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The Bitter Sweet Disease - Diabetes

07 Jul 2015

Diabetes:- is indeed called the "sweet disease" as it reduces the ability of the body to absorb sugar from the blood. Diabetes manifests in the body as inability to convert glucose (sugar) to energy. For a diabetic, the body either doesn't make enough insulin or can't use it. This causes sugars to build up in your blood. Hence, many people refer to Diabetes as "sugar."




Type 1 Diabetes:

  • Type 1 Diabetes is usually diagnosed in children & young adults.
  • Only 5-7% of people with Diabetes have type-1 Diabetes.

Type 2 Diabetes:

  • Type 2 Diabetes is conventionally traced in adults only & it is a prevalent form of Diabetes. 
  • This type of Diabetes is not necessarily insulin-dependent.
  • A person who has type 2 Diabetes faces constraints in utilizing insulin properly, which is termed insulin resistance. At first, the pancreas makes extra insulin to make up for it. But, over time the body is not able to keep up & cannot make enough insulin to keep your blood glucose at normal levels.
  • With adherence to the nutritional needs of Diabetes & sustained weight loss, most of the patients can suppress the symptoms & tame this condition.


Acceptable Blood Sugar Levels in Diabetes:






Before Meal 80-100 mg/dl Till 120 mg/dl
Two hours after the meal Less than 140 mg/dl Less than 140 mg/dl
At Bedtime Around 100 mg/dl Around 150 mg/dl
HB1AC 5- 5.9 Normal
6- 6.5 Pre-Diabetes
6.5- Above Indicates Diabetes



Warning Signs of Diabetes:

Frequent Urination:

Frequent urination is a primary symptom of Diabetes. If blood glucose levels become too high, the body will try to manage the situation by removing glucose from the blood through the kidneys. In this process, the kidneys will also filter out more water & you will need to urinate more than usual as a result.

Excessive Thirst:

Feeling thirsty all the time is a symptom of diabetes. In fact, in several cases thirst may be stronger than usual & may continue even after they drink water.

Diabetes & Sudden Weight Loss:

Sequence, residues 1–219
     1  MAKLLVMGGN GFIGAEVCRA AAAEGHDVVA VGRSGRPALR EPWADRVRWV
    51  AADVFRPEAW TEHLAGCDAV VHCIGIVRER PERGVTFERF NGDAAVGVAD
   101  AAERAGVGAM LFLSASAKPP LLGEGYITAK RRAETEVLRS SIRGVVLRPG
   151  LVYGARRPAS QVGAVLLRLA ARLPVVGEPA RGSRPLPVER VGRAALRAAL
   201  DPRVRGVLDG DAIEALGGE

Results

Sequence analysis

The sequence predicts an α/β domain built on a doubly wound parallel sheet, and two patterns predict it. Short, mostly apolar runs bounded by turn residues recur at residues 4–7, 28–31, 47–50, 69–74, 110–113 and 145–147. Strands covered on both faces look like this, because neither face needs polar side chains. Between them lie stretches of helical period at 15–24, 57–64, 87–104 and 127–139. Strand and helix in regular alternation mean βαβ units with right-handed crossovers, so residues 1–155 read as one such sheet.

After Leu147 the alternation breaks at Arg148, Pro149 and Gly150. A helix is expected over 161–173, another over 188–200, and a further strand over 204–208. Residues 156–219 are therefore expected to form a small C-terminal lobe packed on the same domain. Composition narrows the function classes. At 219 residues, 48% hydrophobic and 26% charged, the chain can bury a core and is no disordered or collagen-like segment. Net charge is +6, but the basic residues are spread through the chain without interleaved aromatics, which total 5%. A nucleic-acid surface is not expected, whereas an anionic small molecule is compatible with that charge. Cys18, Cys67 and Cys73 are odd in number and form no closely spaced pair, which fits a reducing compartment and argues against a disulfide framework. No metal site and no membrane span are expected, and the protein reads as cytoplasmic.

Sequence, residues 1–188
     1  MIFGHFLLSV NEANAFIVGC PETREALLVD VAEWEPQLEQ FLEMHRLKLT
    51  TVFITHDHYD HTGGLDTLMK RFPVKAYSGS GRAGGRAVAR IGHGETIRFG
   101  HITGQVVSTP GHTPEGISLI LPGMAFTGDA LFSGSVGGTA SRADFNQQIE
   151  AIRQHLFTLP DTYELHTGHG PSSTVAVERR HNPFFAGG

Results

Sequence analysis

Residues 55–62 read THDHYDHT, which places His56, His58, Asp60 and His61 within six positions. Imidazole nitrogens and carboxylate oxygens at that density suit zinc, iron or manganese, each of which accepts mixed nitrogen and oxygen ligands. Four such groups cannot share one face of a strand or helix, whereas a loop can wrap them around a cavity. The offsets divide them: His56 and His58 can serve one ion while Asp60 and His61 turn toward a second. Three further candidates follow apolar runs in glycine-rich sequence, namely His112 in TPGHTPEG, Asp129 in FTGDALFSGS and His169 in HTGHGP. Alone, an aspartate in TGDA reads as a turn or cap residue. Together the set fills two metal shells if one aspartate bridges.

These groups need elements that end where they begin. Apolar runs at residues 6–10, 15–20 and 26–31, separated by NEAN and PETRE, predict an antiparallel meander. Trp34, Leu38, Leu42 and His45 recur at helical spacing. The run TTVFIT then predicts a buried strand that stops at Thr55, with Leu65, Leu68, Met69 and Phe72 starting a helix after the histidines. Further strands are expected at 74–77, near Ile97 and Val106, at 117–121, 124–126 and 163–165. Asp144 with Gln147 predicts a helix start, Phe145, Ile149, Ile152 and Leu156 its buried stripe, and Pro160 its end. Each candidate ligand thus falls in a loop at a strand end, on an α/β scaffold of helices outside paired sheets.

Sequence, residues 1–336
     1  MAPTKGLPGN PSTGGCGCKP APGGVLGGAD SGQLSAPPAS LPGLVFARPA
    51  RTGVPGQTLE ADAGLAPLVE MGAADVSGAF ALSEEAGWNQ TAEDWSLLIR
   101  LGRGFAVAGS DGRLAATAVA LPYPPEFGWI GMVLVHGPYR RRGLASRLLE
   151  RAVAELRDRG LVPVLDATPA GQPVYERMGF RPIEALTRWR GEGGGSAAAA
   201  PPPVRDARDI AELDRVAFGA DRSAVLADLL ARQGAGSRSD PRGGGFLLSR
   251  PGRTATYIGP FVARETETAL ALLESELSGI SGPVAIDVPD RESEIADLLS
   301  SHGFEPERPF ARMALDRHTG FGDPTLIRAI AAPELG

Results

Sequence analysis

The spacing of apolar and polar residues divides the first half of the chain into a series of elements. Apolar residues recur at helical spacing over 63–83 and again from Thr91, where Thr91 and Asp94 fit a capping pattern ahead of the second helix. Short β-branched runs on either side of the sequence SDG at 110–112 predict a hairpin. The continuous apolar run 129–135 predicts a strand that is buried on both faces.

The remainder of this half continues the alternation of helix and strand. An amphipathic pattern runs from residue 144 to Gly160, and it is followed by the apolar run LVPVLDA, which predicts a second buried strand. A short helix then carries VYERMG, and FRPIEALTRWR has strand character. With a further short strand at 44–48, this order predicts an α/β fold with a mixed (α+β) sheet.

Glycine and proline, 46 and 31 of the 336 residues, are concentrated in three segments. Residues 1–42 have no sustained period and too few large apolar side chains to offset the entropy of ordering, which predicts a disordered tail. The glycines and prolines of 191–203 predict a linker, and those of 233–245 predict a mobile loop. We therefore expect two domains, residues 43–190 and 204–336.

In a diabetic patient, the body burns fat & muscle for energy, thus, altering overall body weight. Sudden weight loss is often noticed in diabetic patients before a diagnosis of type 1 Diabetes but can also be witnessed in type 2 Diabetes.

Increased Fatigue:

If insulin is poor in the body or is enitrely absent, then, glucose will be unable to enter cells & induce energy. This burdens the body with tiredness & fatigue.

Blurred Vision:

High levels of blood sugar resulting from Diabetes can affect your ability to see by causing the lens inside the eye to swell, which can result in temporary blurring of eyesight.

If the blood sugar levels are fluctuating over time, one may notice that the vision improves or worsens over time.


Complications of Diabetes:

People with Diabetes have an increased risk of developing several serious health problems.

Cardiovascular Disease:

The most commonly seen complication in Diabetes is the impact on the heart & blood vessels which may increase the risk of heart attack & stroke.

Kidney Disease: 

Diabetes can cause damage to small blood vessels in the kidneys leading to the kidneys becoming less efficient or failing altogether.

Nerve Disease:

Diabetes can cause damage to the nerves throughout the body when blood glucose & blood pressure are too high. This can lead to problems such as indigestion & erectile dysfunction among others.

Eye Disease: 

Most people with Diabetes may develop some form of eye disease (retinopathy) causing reduced vision or blindness. Consistently high levels of blood glucose, along with high blood pressure & high cholesterol, are the main causes of retinopathy.

Pregnancy Complications:

Women with any form of Diabetes during pregnancy are susceptible to several complications if they do not carefully monitor & manage their condition.


Nutritional Requirements:

Carbohydrate & Dietary Fiber:

Carbohydrate restriction impairs insulin sensitivity & high carbohydrate diet helps to reverse it. Carbohydrates should contribute about 55% of the total energy intake of which about 20% should be simple carbohydrates & complex carbohydrates should fulfill the remaining carbohydrates requirement. Foods containing carbohydrates from whole grains, fruits, vegetables, & low-fat milk should be included in a healthy diet.

Intake of Dietary Fiber may be enhanced to 25-30gm per day.